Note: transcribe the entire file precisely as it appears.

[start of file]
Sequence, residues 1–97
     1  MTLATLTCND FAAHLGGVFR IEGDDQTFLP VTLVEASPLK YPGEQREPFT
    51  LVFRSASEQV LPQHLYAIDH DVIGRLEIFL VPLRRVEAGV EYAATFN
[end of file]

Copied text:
Sequence, residues 1–97
     1  MTLATLTCND FAAHLGGVFR IEGDDQTFLP VTLVEASPLK YPGEQREPFT
    51  LVFRSASEQV LPQHLYAIDH DVIGRLEIFL VPLRRVEAGV EYAATFN